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Windows Movie Maker

Published: December 27, 2004

This section provides information about the following:

  • The benefits of Microsoft Windows Movie Maker

  • How Windows Movie Maker communicates with sites on the Internet

  • How to control Windows Movie Maker to limit the flow of information to and from the Internet

    Important For greater control over the communication between components in Windows XP and sites on the Internet, use Windows XP Professional with Service Pack 2 instead of with Service Pack 1. Windows XP Service Pack 2 provides a number of new Group Policy settings that control communication between components in the operating system and sites on the Internet. For more information, see the Microsoft Web site at:

    http://go.microsoft.com/fwlink/?LinkId=23354

    http://go.microsoft.com/fwlink/?LinkId=29133

On This Page

Benefits and Purposes of Windows Movie Maker
Overview: Using Windows Movie Maker in a Managed Environment
How Windows Movie Maker Communicates with Sites on the Internet
Procedure for Configuration of Windows Movie Maker
Related Links

Benefits and Purposes of Windows Movie Maker

With Windows Movie Maker, users can bring together video, audio, and other multimedia content, then arrange and edit the content to create a finished movie. After creating the movie, users can save it on a hard disk or CD, send it in an e-mail, or send it to a video hosting provider on the Web. These tasks are kept simple with an interface based mostly on drag-and-drop and on short lists of tasks from which to choose.

As part of keeping tasks simple, Windows Movie Maker can display links to Web sites, such as a link to a potential video hosting provider, and can automatically download missing codecs for audio and video files. (A codec—compressor/decompressor—is software that compresses or decompresses audio or video data.)

Overview: Using Windows Movie Maker in a Managed Environment

If you want to prevent users from running Windows Movie Maker, you can use Group Policy. You can also use a firewall to prevent users from accessing Web sites used by Windows Movie Maker, such as http://www.microsoft.com/windowsxp/using/moviemaker/default.mspx. These Web sites are listed in the next section, “How Windows Movie Maker Communicates with Sites on the Internet.”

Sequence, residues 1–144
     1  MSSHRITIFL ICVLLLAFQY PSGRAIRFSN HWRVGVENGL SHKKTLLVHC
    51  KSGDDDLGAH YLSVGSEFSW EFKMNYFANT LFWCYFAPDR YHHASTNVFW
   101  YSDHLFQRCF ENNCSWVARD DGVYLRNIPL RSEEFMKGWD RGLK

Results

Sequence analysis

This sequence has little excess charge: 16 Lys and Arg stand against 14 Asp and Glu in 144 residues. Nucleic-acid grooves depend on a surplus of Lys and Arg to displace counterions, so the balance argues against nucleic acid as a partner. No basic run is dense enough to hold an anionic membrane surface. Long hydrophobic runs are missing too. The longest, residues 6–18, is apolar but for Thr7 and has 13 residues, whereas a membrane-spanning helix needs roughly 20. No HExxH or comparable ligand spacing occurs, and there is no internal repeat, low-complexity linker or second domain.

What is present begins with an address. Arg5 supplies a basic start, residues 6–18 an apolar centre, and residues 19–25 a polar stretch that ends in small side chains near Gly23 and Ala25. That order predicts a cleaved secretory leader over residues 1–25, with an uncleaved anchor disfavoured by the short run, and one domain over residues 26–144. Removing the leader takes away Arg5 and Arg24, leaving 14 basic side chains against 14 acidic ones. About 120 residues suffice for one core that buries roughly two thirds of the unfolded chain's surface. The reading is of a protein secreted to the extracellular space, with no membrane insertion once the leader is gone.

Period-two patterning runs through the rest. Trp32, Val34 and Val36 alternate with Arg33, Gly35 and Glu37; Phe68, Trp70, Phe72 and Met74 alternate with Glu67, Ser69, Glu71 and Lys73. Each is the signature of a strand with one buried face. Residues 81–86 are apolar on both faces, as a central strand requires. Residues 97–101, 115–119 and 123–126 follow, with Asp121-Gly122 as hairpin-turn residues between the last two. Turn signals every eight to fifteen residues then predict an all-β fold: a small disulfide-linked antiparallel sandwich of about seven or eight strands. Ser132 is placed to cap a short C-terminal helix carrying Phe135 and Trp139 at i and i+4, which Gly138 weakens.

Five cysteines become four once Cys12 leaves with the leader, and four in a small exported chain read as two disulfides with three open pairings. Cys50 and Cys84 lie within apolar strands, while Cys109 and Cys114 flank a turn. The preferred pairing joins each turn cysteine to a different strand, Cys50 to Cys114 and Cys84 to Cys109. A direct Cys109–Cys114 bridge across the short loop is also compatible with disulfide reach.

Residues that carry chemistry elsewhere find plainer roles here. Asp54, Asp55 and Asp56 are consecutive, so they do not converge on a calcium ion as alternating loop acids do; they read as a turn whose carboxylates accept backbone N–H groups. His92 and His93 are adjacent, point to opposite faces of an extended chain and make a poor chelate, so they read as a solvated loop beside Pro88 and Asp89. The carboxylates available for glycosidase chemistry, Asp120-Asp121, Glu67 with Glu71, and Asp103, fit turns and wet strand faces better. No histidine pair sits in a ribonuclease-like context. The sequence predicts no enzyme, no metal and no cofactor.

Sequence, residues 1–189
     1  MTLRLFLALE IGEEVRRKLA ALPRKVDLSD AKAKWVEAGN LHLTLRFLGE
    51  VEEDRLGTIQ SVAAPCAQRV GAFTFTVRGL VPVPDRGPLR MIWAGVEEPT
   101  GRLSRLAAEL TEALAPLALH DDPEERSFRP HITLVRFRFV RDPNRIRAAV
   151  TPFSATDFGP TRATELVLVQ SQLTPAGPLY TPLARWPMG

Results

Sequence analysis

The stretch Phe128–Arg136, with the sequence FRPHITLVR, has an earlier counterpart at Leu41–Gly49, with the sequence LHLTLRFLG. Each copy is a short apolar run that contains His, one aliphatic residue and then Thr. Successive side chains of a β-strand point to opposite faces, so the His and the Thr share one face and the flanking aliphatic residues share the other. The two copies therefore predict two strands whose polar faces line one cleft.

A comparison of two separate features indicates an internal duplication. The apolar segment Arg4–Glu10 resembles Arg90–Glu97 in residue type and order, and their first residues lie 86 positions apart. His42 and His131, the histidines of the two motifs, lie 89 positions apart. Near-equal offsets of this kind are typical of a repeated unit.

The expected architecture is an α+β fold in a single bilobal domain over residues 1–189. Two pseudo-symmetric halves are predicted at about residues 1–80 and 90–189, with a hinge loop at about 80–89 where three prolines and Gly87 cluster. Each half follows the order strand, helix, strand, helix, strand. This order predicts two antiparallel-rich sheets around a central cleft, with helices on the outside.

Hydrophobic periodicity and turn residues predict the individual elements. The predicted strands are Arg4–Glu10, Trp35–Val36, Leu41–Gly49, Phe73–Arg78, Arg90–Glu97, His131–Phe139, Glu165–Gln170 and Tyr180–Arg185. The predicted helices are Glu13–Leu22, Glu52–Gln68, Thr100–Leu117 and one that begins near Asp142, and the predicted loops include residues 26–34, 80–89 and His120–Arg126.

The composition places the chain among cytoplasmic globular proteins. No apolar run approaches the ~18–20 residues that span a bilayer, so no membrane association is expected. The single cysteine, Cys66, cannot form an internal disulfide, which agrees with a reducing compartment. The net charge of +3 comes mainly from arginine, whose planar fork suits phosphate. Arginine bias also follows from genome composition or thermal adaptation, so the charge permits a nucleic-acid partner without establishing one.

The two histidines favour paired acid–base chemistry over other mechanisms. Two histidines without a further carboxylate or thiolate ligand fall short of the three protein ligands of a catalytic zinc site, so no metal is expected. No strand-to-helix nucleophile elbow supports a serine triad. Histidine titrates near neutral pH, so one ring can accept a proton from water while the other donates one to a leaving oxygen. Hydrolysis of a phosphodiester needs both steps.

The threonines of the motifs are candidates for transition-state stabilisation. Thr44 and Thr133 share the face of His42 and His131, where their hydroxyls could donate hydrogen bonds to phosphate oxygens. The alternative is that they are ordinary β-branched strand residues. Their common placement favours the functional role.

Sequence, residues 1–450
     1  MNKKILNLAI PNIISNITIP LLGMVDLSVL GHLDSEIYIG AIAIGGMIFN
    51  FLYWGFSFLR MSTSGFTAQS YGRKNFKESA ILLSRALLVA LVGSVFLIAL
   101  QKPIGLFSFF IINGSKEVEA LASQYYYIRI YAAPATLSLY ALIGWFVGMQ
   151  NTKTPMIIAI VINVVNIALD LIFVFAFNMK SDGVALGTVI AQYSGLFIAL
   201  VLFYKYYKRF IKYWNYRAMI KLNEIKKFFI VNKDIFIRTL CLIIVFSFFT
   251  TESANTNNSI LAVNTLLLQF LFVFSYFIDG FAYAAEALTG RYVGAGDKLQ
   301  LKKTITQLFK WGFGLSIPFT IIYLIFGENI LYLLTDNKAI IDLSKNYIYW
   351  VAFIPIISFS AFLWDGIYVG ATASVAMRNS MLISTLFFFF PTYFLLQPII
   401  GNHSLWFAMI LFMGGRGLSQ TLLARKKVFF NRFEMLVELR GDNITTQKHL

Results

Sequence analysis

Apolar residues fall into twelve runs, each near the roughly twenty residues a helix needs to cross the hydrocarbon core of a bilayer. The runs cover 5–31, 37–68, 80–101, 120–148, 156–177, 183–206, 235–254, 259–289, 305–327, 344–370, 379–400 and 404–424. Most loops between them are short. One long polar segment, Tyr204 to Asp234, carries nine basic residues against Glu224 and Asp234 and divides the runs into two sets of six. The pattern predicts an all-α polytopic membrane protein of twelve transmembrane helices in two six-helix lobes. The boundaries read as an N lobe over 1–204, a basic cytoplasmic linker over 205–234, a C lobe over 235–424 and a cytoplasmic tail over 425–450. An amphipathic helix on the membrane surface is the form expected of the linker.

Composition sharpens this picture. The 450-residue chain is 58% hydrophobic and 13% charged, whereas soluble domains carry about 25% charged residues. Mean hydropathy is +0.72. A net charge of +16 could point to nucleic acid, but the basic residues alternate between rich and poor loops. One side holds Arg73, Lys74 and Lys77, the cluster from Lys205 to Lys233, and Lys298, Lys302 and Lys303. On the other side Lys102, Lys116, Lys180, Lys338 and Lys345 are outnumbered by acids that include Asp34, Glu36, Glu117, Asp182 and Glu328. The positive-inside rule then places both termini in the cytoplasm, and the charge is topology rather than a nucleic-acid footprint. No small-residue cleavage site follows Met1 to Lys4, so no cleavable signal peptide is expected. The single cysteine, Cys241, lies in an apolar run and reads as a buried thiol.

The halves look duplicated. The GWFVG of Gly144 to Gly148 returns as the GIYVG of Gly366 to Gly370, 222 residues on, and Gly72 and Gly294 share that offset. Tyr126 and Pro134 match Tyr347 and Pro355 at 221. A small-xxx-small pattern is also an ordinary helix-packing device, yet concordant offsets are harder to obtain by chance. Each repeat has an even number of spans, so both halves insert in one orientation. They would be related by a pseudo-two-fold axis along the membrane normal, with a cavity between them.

How Windows Movie Maker Communicates with Sites on the Internet

The following list describes how Windows Movie Maker communicates with sites on the Internet:

  • Specific information sent or received: The following list describes the information that is sent or received in specific situations.

    • When the user clicks Help and then clicks Windows Movie Maker on the Web, Windows Movie Maker displays the following Web site:

      http://go.microsoft.com/fwlink/?LinkId=26240

    • When the user chooses to save a movie to the Web, through a wizard, a connection is made to the following Web site in order to obtain a list of potential hosting providers to offer to the user:

      http://go.microsoft.com/fwlink/?LinkId=26247

      This occurs when, after creating a Windows Movie Maker project, the user clicks the task Send Movie To Web Server. Dialog boxes then guide the user through the process of saving the movie and sending it to a video hosting provider’s Web site.

    • When the user imports an audio or video file for which no codec is available locally, Windows Movie Maker connects to the following Web site to locate a codec to download:

      http://autoupdate.windowsmedia.com

  • Default settings: By default, Windows Movie Maker offers options that allow the user to link to Web sites for information or for saving a movie, as described in the previous item. Also by default, Windows Movie automatically downloads codecs if the user imports an audio or video file for which no codec is available on the local computer.

  • Triggers and user notification: Connection with the codec server is triggered when the user imports an audio or video file for which no codec is available on the local computer.

  • Logging: On the sites to which Windows Movie Maker connects, the only data saved by Microsoft is the number of downloads of a given codec. No computer is identified in the process of a codec download.

  • Encryption: There is no encryption of the requests for Web sites or of the codec downloads that can occur through Windows Movie Maker.

  • Transmission protocol and port: When Windows Movie Maker communicates with sites on the Internet, it uses HTTP with port 80.

  • Ability to disable: You can prevent users from starting Windows Movie Maker by using Group Policy.

Procedure for Configuration of Windows Movie Maker

This subsection provides a procedure for preventing users from starting Windows Movie Maker by using Group Policy. You can also use a firewall to prevent users from accessing Web sites used by Windows Movie Maker, such as http://www.microsoft.com/windowsxp/using/moviemaker/default.mspx. These Web sites are listed in the previous section, “How Windows Movie Maker Communicates with Sites on the Internet.”

To Prevent Users from Starting Windows Movie Maker by Using Group Policy

  1. See Appendix B, "Learning About Group Policy and Updating Administrative Templates,” for information about using Group Policy. Ensure that your Administrative templates have been updated, and then edit an appropriate GPO.

  2. Click User Configuration, click Administrative Templates, and then click System.

  3. In the details pane, double-click Don’t run specified Windows applications.

  4. Select Enabled, click Show, click Add, and then type:

    Moviemk.exe

Related Links

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